5. Whether the treaty benefits can be availed of by the sellers even though Mauritius does not impose capital gains tax on the sale of shares?
The Revenue’s argument surrounded the fact that while the double taxation avoidance treaty does not require sellers to pay capital gains tax in India, they are able to benefit from the fact that Mauritius does not levy any tax on capital gains. The Court found this to be irrelevant, since that is precisely the reason why several companies invest into India through Mauritius. This was based on an interpretation of the treaty, where the Court observed as follows:
39. Article 4 provides that for the purpose of the Convention, the term “resident of a Contracting State” means any person, who, under the laws of that State, is liable to taxation therein by reason inter-alia of his domicile residence, place of management or any other criterion of similar nature. The words “is liable to taxation” mean that the income of the person may be liable to taxation and not that he is actually taxed or pays tax. The words mean that the Government is entitled to tax the person and not whether under the laws he actually pays the tax. A person liable to pay tax may not be required to pay tax for variety of reasons. For instance, his income may not be within the taxable bracket. There may be a special provision exempting the payment of the taxes by him. Even such a person is liable to taxation. This is clear from the words “any person who, under the laws of that State” which immediately precede the words “liable to taxation therein”. Had it been otherwise, Article 4 would have been worded differently. A view to the contrary would make the DTAC unworkable and erode the basis thereof.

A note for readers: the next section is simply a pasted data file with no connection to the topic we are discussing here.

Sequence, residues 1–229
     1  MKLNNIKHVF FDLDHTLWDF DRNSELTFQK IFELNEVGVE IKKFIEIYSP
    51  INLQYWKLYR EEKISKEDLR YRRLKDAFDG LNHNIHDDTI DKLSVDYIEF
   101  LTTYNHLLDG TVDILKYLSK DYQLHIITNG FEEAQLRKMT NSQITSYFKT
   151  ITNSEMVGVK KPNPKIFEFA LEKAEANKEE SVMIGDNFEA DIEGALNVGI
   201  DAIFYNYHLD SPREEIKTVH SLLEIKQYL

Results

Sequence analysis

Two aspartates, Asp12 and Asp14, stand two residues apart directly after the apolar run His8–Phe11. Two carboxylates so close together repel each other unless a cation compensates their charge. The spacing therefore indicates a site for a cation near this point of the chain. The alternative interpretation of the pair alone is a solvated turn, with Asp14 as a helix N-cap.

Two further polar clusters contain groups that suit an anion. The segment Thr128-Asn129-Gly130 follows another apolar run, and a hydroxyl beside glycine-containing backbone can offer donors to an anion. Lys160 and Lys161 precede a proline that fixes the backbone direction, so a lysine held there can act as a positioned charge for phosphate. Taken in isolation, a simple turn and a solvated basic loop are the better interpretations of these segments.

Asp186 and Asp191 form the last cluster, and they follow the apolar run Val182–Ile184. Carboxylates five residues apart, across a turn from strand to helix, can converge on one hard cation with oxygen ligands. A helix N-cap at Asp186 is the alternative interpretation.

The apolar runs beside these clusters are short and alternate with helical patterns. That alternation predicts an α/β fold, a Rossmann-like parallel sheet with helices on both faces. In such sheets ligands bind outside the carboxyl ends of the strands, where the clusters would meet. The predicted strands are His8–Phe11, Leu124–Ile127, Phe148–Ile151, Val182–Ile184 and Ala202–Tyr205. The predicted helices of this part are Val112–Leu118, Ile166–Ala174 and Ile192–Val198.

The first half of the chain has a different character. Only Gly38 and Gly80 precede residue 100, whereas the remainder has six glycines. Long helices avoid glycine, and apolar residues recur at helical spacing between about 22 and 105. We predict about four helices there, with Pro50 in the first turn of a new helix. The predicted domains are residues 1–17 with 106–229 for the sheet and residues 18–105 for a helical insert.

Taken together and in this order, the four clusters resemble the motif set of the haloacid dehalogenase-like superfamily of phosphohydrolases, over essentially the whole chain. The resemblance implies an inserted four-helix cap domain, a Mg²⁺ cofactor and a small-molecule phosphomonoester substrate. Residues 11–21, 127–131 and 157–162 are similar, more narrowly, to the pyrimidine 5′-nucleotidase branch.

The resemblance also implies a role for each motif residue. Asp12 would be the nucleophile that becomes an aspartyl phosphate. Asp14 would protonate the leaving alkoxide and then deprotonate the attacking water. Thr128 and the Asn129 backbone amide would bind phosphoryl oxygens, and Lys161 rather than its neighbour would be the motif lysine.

6. Whether the situs of the property in the form of shares is relevant in the determination of whether tax on capital gains is to be levied in India or Mauritius?